Currently there is no definitive knowledge regarding whether being an indoor-only cat is any better or worse than being one who has access to the outdoors. It is important to make sure that you are meeting all of your cat's needs whether they are an indoor cat or not. However, compared to cats who have the freedom to go outside, indoor-only cats will have additional needs that must be met to keep them healthy and happy.
Cats can adapt well to an indoor life if they are kept in this environment from an early age, but cats that have been used to going outside may find it more difficult to adapt. We would not recommend keeping a cat that is used to going outside, as an ‘indoor-only cat’, unless it is for health reasons. If you rehome a kitten and intend to keep it indoors, you could consider adopting a sibling-pair so that they can keep each other company.
For an active animal like the cat, an indoor environment can become predictable and boring, and can lead to stress, inactivity and obesity. So it’s important that you provide your cat with everything it needs.
When keeping an indoor-only cat you should:
- Provide it with a litter tray in a quiet place and make sure that you clean it out regularly. Cats are often reluctant to use a dirty tray or one that is in a busy part of the home.
- Make sure your cat has enough space. Indoor-only cats should have access to several rooms.
- Allow your cat access to two types of resting place, one at floor level, enclosed on three sides and another that is higher with a good view. It is important that the higher position is safe and will not lead to your cat falling from a height, as this could cause serious injury.
- Provide scratching posts for your cat at several locations around the home so that it can mark its territory, strengthen its muscles and sharpen its claws.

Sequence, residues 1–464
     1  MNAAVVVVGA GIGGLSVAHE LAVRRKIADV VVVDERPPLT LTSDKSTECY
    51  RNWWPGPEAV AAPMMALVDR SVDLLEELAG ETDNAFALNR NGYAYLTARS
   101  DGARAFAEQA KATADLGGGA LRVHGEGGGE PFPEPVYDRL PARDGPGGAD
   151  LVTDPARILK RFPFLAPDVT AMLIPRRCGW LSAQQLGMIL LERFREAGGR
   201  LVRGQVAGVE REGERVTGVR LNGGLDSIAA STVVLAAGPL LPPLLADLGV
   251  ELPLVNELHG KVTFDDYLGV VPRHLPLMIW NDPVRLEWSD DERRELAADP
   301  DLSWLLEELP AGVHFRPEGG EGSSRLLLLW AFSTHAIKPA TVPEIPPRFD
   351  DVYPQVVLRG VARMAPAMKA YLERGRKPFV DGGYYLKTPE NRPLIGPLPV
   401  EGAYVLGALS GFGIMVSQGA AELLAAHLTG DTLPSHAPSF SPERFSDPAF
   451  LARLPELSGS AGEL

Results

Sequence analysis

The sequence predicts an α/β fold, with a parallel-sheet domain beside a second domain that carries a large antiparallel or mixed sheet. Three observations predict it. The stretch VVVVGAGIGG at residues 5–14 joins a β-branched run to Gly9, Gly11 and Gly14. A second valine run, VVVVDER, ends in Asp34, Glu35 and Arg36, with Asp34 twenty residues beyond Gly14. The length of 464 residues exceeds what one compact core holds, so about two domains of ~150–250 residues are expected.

- Make sure your cat has opportunities to exercise each day to stay fit and healthy, by providing suitable indoor activities to keep it active.
- Provide and create new ways for your cat to stay stimulated and active, both physically and mentally, as one of the main problems with an indoor-only lifestyle is that cats can become frustrated and bored.
- Remember that because your cat will not have the freedom to interact with people or other animals outside, you will become its main social companion. You will need to make plenty of time to interact with your cat. You should not leave your cat alone for long periods during the day.
It is important to remember that although an indoor-only lifestyle may appear safer for your cat (as it is protected from any dangers outdoors), the indoor environment can be equally dangerous and cats can be injured as a result of household accidents. So you must take care and make sure that your home is a safe and suitable environment for a cat.
Understanding your cats' needs
For information on how to look after your cat, whether it is an indoor-only cat or one that has access to the outside, read our pages on the welfare needs of cats.